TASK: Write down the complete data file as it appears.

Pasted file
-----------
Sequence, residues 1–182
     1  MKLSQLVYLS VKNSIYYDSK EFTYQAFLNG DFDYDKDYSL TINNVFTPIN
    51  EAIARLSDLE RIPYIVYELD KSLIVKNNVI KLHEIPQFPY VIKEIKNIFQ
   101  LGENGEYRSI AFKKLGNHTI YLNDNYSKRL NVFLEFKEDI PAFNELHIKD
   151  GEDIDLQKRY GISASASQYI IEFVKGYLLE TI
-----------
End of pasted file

Sequence, residues 1–182
     1  MKLSQLVYLS VKNSIYYDSK EFTYQAFLNG DFDYDKDYSL TINNVFTPIN
    51  EAIARLSDLE RIPYIVYELD KSLIVKNNVI KLHEIPQFPY VIKEIKNIFQ
   101  LGENGEYRSI AFKKLGNHTI YLNDNYSKRL NVFLEFKEDI PAFNELHIKD
   151  GEDIDLQKRY GISASASQYI IEFVKGYLLE TI